"Pushouts" Growing in New York City Schools
July 31, 2003
Growing numbers of students -- most of them struggling academically -- are being pushed out of New York City's school system and classified under bureaucratic categories that hide their failure to graduate, say observers:
- Officially the city's dropout rate hovers around 20 percent, but critics say that if the students who are pushed out were included, that number could be 25 to 30 percent.
- More than 55,000 high school students were discharged during the 2000-1 school year -- a number far higher than that year's graduating class of fewer than 34,000 -- according to a report by the city's public advocate and Elisa Hyman, a lawyer with Advocates for Children.
City data make it impossible to determine just how many students are being pushed out, where they are going and what becomes of them. But experts who have examined the statistics and administrators of high school equivalency programs say that the number of "pushouts" seems to be growing, with students shunted out at ever-younger ages.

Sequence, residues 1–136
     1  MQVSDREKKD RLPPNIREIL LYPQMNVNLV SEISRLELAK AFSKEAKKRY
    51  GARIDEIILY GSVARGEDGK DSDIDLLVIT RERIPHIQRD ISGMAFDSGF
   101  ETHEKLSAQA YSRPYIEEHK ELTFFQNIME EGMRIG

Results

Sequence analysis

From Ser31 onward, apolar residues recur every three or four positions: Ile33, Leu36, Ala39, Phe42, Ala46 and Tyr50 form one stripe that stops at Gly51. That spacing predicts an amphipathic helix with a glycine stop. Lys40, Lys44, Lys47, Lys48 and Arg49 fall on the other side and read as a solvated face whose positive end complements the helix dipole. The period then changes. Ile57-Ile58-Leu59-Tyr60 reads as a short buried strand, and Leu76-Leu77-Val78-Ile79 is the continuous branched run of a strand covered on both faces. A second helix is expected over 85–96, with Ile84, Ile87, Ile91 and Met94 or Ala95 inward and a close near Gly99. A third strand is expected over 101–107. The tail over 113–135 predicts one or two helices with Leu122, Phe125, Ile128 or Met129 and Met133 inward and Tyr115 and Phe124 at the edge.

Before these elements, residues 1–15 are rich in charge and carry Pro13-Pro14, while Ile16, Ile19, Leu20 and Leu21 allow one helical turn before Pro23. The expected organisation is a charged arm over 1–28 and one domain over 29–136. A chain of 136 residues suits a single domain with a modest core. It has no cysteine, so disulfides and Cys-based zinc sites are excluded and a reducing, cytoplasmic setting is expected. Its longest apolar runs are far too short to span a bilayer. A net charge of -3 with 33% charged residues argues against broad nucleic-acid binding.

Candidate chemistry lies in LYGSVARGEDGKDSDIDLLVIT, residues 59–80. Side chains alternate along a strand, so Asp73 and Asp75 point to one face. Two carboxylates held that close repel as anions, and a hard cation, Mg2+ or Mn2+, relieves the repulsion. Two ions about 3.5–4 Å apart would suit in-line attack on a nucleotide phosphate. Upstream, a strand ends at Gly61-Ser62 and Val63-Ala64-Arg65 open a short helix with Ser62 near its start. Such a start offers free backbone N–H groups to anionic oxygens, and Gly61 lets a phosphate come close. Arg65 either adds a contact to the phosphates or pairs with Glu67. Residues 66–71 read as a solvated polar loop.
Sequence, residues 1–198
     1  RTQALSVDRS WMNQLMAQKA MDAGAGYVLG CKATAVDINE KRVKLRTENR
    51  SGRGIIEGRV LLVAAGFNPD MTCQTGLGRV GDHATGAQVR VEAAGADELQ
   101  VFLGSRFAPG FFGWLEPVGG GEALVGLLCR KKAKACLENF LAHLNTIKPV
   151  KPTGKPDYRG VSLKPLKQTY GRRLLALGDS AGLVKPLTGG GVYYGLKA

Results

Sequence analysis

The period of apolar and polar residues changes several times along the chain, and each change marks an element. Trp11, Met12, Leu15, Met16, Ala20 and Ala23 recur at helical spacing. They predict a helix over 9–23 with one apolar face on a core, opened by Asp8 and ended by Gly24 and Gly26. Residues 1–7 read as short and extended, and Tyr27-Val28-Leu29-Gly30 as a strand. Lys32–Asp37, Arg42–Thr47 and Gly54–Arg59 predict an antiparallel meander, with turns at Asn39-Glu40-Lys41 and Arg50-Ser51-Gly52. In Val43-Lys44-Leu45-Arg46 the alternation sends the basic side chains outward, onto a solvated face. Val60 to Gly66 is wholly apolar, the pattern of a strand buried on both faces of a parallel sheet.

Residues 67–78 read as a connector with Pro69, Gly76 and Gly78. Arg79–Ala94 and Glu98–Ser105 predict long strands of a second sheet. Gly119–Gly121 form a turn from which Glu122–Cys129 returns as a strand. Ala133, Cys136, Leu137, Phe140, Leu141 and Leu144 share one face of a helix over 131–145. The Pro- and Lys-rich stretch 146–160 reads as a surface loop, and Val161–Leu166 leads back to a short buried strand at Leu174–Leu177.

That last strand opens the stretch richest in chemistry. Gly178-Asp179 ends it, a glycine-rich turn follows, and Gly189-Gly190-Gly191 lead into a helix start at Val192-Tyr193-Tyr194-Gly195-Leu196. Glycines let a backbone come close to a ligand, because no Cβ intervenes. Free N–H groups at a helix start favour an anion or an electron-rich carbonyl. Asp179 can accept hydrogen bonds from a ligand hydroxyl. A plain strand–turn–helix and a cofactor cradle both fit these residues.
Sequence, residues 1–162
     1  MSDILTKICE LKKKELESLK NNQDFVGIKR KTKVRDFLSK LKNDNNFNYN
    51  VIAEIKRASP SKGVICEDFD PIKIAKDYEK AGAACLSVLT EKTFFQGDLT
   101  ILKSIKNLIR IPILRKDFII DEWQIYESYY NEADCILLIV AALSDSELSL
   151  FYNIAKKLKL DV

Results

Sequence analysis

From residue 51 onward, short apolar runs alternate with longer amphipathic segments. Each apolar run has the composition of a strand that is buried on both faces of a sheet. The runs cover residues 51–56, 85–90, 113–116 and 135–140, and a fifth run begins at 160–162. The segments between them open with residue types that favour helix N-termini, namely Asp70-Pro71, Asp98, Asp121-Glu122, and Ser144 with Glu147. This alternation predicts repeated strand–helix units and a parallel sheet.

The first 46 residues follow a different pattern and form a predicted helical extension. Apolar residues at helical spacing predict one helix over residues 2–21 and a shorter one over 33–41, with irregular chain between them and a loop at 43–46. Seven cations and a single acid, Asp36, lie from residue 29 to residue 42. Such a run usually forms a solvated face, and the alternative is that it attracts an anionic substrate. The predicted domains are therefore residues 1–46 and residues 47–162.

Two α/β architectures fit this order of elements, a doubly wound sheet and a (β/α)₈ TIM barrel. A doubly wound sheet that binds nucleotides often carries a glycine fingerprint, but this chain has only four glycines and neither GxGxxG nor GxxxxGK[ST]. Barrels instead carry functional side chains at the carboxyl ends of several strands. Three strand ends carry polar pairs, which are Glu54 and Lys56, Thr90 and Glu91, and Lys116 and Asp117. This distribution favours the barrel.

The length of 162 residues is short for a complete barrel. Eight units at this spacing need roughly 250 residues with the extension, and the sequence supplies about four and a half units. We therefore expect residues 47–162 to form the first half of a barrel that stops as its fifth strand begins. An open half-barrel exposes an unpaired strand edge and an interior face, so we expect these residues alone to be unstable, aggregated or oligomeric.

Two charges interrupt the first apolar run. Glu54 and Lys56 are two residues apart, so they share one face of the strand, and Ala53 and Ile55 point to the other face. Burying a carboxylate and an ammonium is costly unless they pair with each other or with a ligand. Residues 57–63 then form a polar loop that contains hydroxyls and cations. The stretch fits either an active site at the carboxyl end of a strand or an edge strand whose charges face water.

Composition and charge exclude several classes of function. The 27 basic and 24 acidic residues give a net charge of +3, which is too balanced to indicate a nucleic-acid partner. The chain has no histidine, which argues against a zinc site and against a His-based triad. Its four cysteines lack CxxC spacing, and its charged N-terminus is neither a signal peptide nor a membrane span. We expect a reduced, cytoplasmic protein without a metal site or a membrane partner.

These students are an unintended consequence of the effort to hold schools accountable for raising standards, claim observers. As students are being spurred to new levels of academic achievement and required to pass stringent Regents exams to get their high school diplomas, many schools are trying to get rid of those who may tarnish the schools' statistics by failing to graduate on time. Even though state law gives students the right to stay in high school until they are 21, many students are being counseled, or even forced, to leave long before then.
Source: Tamara Lewin and Jennifer Medina, "To Cut Failure Rate, Schools Shed Students." New York Times, July 31, 2003.
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